From: Anonymous Six
Time: 8:36:38 AM
Remote Name: 126.96.36.199
Anonymous Six Dr. William Cutler History 67 4/25/00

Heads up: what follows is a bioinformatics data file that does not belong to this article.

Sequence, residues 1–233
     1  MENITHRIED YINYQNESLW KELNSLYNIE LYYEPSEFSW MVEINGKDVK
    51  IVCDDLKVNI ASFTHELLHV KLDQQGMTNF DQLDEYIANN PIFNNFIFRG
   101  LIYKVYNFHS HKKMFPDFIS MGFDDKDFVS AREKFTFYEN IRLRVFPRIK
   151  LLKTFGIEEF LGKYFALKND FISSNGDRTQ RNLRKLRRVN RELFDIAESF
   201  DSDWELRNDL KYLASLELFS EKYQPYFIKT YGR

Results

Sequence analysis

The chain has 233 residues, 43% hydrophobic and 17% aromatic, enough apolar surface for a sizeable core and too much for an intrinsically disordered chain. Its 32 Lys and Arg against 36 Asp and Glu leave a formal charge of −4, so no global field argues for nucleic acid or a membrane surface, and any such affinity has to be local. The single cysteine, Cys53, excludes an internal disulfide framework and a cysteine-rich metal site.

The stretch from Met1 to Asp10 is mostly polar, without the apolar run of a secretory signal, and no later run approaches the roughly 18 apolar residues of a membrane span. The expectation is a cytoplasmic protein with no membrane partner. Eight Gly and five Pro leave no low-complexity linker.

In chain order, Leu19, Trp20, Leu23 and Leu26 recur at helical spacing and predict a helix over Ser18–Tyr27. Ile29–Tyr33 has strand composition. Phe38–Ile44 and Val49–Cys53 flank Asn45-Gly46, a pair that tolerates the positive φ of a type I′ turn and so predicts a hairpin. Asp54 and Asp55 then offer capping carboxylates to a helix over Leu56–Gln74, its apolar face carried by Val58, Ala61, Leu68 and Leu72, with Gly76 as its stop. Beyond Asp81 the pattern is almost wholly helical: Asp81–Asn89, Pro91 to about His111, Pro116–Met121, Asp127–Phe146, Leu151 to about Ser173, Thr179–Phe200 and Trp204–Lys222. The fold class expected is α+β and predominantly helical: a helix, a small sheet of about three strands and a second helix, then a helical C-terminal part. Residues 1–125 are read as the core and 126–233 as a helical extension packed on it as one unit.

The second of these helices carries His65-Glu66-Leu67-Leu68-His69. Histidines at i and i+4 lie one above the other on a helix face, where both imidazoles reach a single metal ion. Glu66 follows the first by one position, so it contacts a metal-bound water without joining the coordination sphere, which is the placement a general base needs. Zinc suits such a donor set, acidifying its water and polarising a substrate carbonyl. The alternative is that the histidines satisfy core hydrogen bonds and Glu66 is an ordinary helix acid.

During the Reconstruction period following the Civil War, the Government confronted with two major issues. The first being the question of how far should the federal government go to secure freedom and civil rights for four million former slaves. The second issue was how the South is to be reconstructed to ensure that secession would be lost from their minds. These questions created great problems because the constitution gave no answer because the founders never expected to have a Union. In December 1863, President Lincoln issued the Proclamation of Amnesty and Reconstruction, which gave pardon to Southerners who pledge allegiance to the Union in addition, they would acknowledged that the slaves were now free and citizens of America. In Congress, many in the House and the Senate could not come to terms on what rights the blacks were to be given. The more Dominant view in Congress was that the Southern states had forfeited their place in the Union and it was up to Congress to decide when they would be admitted and under what terms would they be admitted. Lincoln would die before he would be able to ratify a bill with congress on the re-admittance of states. Andrew Johnson would then be the new President. Johnson, a fervent white Supremacist and did not care much for the issue of emancipation. Johnson placed some states into the hands of governors he appointed. The governors would be responsible for calling constitutional conventions and ensuring loyal whites where given the right to vote for delegates. At the conventions, John urged the states to declare the ordinances of secession illegal, repudiate the Confederate debt, and ratify the Thirteenth Amendment, which abolished slavery. If the governments met these conditions, they would regain their rights under the constitution. On the issue of slavery, Johnson seemed eager to give southern whites the right of determining the civil and political status of the former slaves. The legislatures of the southern states in turn past “ Black codes” to limit the rights of slaves. The "Black Codes" placed regulations and restrictions on the former slaves. Many in the North saw this as slavery in disguise. On the question of if the South loss the civil war but won the reconstruction the above facts can show that they did indeed lose the war, but the Presidency being given to Johnson gave them the upper hand politically. Johnson was dedicated to the south, which is where he was originally from. The south would not be able to keep that strong hold because Johnson case for state autonomy would be weakened by the fat that the southern states could not protect the “life, liberty, or property” of the former slaves. The south would lose the fight for reconstruction when the Congress passed a series of acts that nullified the president’s initiatives and reorganized the south on the new basis that former slaves would be granted suffrage.